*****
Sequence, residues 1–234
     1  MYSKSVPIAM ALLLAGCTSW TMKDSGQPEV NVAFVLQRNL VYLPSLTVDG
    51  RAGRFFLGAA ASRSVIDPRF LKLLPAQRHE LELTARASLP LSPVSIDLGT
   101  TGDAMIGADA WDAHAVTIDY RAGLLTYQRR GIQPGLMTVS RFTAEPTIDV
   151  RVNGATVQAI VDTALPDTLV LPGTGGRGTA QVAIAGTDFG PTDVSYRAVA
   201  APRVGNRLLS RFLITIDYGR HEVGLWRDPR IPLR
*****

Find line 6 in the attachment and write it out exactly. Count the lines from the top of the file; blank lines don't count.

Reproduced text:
   201  APRVGNRLLS RFLITIDYGR HEVGLWRDPR IPLR